The process of diving into the textual data from the Works’ Progress Administration Slave Narratives has been a fascinating one, and it highlights the ways in which tools such as Voyant, Carto and Palladio can reveals nuances in a text that are not readily apparent using one tool alone. While all three applications rely on visualization to help the user understand the text on a deeper level, they do so in different ways.
The initial analysis of the corpus of the interviews in Voyant allowed me to discover what words (massa, house, mammy, white) come up frequently in the documents after filtering for extraneous text. Voyant also helps me to make serendipitous discoveries based on information contained in the summary view. Perhaps more than any of the other tools, Voyant is able to do many different tasks in order to help the user to understand what the texts themselves reveal.
However, things are not always as they seem, and careful analysis in Voyant makes it evident that the texts may not be as straight forward as they seem. The READER view hints that although these are the Alabama narratives, they may contain information about enslavement in states outside of Alabama such as Georgia. However, Voyant is not equipped to flesh out these nuances in an efficient manner.
Conversely, Carto is a powerful tool in fleshing out these differences. By mapping different aspects of the metadata of each individual record, it is easy to see that a sizable portion of the Alabama document recounts the experience of enslaved persons outside of Alabama. If one were to load the metadata of the entire corpus into Carto, it would be possible to map where the accounts of persons actually enslaved in Alabama occur throughout the corpus of the Slave Narratives regardless of the state documents in which they appear. In this way, researchers could visually identify the geographic locations of these interviews. Theoretically, they could go back and manually create a revised set of Alabama documents to run through Voyant to get a more accurate understanding of the experience of those actually enslaved in Alabama. However, based on the data sets available, Carto is not able to map the names of the actual persons interviewed, only their location.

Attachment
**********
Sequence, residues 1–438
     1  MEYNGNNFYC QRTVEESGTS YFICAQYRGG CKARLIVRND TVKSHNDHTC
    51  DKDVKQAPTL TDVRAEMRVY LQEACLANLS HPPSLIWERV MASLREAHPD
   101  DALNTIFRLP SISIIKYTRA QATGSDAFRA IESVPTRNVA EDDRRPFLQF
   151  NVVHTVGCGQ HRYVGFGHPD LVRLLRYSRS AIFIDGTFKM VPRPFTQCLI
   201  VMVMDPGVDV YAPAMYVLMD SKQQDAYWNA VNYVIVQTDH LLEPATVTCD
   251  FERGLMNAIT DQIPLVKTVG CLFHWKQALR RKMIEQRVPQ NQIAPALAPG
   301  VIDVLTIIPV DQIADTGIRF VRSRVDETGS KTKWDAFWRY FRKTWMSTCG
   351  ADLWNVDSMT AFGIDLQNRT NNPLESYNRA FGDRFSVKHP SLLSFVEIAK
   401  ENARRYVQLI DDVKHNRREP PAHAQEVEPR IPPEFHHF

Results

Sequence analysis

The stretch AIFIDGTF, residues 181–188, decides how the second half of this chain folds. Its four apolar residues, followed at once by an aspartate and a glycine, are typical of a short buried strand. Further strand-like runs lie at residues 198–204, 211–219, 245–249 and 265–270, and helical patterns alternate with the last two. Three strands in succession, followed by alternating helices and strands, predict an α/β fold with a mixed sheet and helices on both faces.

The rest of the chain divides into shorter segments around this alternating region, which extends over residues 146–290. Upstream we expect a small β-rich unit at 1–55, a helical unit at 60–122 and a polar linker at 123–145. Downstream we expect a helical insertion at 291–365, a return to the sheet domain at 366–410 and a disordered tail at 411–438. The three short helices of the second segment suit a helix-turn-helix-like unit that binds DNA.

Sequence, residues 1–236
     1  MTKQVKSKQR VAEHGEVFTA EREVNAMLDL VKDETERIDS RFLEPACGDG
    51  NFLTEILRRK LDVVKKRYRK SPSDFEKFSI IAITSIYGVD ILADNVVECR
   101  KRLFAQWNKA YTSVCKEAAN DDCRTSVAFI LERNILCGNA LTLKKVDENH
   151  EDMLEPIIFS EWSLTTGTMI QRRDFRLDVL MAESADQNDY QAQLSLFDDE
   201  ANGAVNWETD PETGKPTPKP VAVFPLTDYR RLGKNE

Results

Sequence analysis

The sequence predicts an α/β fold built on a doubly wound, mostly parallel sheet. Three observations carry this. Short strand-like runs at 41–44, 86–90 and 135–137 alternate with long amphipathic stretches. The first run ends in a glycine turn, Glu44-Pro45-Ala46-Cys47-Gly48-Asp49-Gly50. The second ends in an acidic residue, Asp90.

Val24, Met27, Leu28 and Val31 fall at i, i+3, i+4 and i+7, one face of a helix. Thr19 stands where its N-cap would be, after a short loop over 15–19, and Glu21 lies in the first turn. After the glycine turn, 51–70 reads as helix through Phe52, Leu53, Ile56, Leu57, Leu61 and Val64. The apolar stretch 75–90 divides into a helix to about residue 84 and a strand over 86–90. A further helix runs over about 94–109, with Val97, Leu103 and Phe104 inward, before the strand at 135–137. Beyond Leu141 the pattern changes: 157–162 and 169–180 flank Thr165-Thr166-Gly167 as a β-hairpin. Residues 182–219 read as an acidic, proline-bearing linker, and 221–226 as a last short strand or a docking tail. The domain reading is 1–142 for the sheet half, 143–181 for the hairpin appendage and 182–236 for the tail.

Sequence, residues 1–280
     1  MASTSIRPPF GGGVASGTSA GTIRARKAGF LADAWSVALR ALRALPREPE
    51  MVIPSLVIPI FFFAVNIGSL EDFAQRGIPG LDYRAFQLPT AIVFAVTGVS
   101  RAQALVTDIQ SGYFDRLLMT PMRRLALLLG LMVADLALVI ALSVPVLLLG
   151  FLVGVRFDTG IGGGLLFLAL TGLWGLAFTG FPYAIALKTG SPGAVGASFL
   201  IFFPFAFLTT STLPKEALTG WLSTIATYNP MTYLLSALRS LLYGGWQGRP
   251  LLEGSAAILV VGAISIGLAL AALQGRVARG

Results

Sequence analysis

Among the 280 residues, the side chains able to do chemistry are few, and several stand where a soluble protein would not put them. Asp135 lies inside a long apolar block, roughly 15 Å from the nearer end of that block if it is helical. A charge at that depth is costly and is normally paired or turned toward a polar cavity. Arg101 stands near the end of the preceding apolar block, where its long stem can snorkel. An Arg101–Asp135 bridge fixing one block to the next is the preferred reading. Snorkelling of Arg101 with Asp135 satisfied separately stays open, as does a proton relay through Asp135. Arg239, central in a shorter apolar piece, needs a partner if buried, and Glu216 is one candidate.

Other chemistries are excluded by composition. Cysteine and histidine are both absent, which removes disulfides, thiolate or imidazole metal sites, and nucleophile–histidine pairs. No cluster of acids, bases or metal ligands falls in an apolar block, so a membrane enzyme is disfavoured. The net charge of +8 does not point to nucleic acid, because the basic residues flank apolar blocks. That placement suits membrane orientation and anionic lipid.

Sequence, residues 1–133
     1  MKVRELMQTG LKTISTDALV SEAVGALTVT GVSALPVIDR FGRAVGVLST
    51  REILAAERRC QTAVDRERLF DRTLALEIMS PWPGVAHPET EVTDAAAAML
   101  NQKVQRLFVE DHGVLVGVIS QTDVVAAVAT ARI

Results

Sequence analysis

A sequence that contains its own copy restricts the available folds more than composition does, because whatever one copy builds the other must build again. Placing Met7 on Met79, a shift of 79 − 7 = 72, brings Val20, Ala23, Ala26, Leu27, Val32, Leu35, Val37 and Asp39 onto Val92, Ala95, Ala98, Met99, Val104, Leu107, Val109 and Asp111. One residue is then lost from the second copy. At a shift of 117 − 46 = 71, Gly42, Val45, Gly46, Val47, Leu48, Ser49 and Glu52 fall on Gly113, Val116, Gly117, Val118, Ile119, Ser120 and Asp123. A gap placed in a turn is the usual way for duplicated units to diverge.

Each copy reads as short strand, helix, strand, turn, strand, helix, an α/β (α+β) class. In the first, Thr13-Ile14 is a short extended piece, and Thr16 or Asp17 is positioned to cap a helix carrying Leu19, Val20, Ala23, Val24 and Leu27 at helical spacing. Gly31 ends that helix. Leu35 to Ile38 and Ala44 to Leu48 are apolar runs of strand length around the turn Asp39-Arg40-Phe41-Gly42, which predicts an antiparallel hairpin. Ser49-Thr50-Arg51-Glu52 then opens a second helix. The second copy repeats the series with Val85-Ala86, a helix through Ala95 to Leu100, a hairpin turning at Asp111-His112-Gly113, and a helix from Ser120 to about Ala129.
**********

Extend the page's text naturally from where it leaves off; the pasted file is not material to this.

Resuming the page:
Finally, Palladio allows researchers to refine the data on a more precise level and also allows researchers to ask different questions of the data. Building on the ways in which Carto has confirmed initial suspicions about disparities between interview location and enslavement highlighted by Voyant, Palladio is able to use the metadata to filter for persons actually enslaved in Alabama in a much more efficient manner than is possible in Carto. Theoretically, the entire corpus of the Slave Narratives could be loaded into Palladio allowing users more easily create a new data set of those enslaved in Alabama regardless of interview location.
Palladio also allows users to visualize how the interviews can be analyzed as individual units instead of at the document level available in Voyant. This allows users to understand who was being interviewed by gender, job status, topic, etc. as well as how interviews were collected by individual interviewers. This information would be helpful to researchers in understanding the potential for gender bias in how the interviews were collected.
Finally, Palladio allows the researcher to look at interviews based on topics listed in the metadata. And, this provides an interesting contrast to the original query in Voyant. The initial visualization in Voyant helps the user to understand what the body of the text reveals about word frequency. However, very few of these words appear in the topics included in the metadata. In fact one of the only words to pop out in both visualizations, mammy, seems to be a word that is somewhat isolated in the larger context of the Alabama slave experience. Though many of the words in the Voyant word cloud are related to the topics expressed in Palladio, few are exact. Thus, the Palladio visualization helps the researcher to understand how the choices made by the creators of the metadata influence how the larger body of the text set may be interpreted.
Visualization tools are helpful in understanding a body of text in order to formulate better questions about the text set; however, they rarely express clear cut answers about a text in the ways that mathematical graphs visually express numerical sets.